millions of IP addresses, among which are governmental
offices, educational institutions, medical centers, banks
and numerous telecom companies. It has successfully breached
over 500 SSH servers, including those of known
high-education institutions in the U.S. and Europe, and a
New Generation P2P
FritzFrog has a special combination of
properties, which makes it unique in the threat
Fileless – FritzFrog operates with no
working directory, and file transfers are done
in-memory using blobs.
Constantly updating – databases of
targets and breached machines are exchanged
Aggressive – Brute-force is based on an
extensive dictionary. By comparison, DDG, a recently
discovered P2P botnet, used only the username
– Targets are evenly distributed among nodes.
The P2P protocol is completely proprietary, relying
on no known P2P protocols such as μTP.
Once a victim is successfully breached, it
starts running the UPX-packed malware, which immediately
erases itself. The malware process runs under the names
ifconfig and nginx, to minimize suspicion. As part of its
startup process, the malware begins listening on port 1234,
waiting for commands. The first commands which a new victim
receives are responsible for syncing the victim with the
database of network peers and brute-force targets.
Traffic on a non-standard port, such as 1234,
can be easily detected and blocked by firewalls and other
security products. Thus, FritzFrog’s author employed a
creative technique to evade detection and stay under the
radar. Instead of sending commands directly over port 1234,
commands are sent to the victim in the following manner: The
attacker connects to the victim over SSH and runs a netcat
client on the victim’s machine, which in turn connects to
the malware’s server. From this point on, any command sent
over SSH will be used as netcat’s input, thus transmitted to
The Fritzfrog attackers implemented an
encrypted command channel with over 30 different commands.
Command parameters and responses are transferred in
designated data structures and serialized (“marshalled”) to
JSON format. Prior to sending, the data is encrypted using
AES symmetric encryption and encoded in Base64. To agree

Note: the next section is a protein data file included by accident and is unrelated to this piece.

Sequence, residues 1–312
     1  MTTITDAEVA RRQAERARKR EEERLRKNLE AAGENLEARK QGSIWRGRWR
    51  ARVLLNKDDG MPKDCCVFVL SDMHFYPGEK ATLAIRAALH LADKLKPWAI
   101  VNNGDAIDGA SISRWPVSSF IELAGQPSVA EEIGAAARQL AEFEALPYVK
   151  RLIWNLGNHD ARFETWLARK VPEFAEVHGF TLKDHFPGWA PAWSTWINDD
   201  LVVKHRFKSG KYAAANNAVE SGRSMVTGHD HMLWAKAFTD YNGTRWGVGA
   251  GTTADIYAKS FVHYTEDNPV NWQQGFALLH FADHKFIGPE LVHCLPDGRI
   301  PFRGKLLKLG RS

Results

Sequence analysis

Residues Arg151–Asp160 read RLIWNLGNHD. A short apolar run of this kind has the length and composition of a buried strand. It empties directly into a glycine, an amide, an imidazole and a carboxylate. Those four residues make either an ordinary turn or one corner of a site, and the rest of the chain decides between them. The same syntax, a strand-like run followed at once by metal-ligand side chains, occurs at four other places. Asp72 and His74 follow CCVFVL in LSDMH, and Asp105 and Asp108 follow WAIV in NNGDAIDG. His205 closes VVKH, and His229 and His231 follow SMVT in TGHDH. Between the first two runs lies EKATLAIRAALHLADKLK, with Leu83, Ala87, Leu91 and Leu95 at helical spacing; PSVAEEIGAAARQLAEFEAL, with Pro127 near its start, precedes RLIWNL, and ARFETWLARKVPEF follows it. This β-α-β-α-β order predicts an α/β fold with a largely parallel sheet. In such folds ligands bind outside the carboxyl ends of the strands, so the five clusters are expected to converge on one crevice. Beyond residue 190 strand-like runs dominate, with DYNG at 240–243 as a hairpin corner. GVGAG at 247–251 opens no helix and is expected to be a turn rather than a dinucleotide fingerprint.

upon the encryption key, the involved nodes use the Diffie-Hellman
key exchange protocol.
FritzFrog’s P2P Commands
Nodes in the FritzFrog network keep in close
contact with each other. They constantly ping each other to
verify connectivity, exchange peers and targets and keep
each other synced. The nodes participate in a clever
vote-casting process, which appears to affect the
distribution of brute-force targets across the network.
Guardicore Labs observed that targets are evenly
distributed, such that no two nodes in the network attempt
to “crack” the same target machine.
Delving into the Malware
FritzFrog’s binary is an advanced piece of
malware written in Golang. It operates completely in-memory;
each node running the malware stores in its memory the whole
database of targets and peers. The malware spawns multiple
threads to perform various tasks simultaneously, as detailed
in the table below.
defines the following states with regards to the management
of victim and target machines.
- Target – a machine
found in the target queue will next be fed to the
Cracker module, which in turn will scan and try to
- Deploy – a machine
which was successfully breached is queued for malware
infection by the DeployMgmt module;
- Owned – a machine
which was successfully infected will be added to the P2P
network by the Owned module.
||Brute force targets
|CryptoComm + Parser
||Encrypted P2P communication
||Voting mechanism for target distribution
||Ingesting targets from peers
||Worm module, deploying malware on breached
||Connecting to victims after malware deployment
||In-memory file assembling from blobs
||Competitors elimination. Kills CPU-demanding
processes with the string “xmr”
Each node that runs the malware has a worker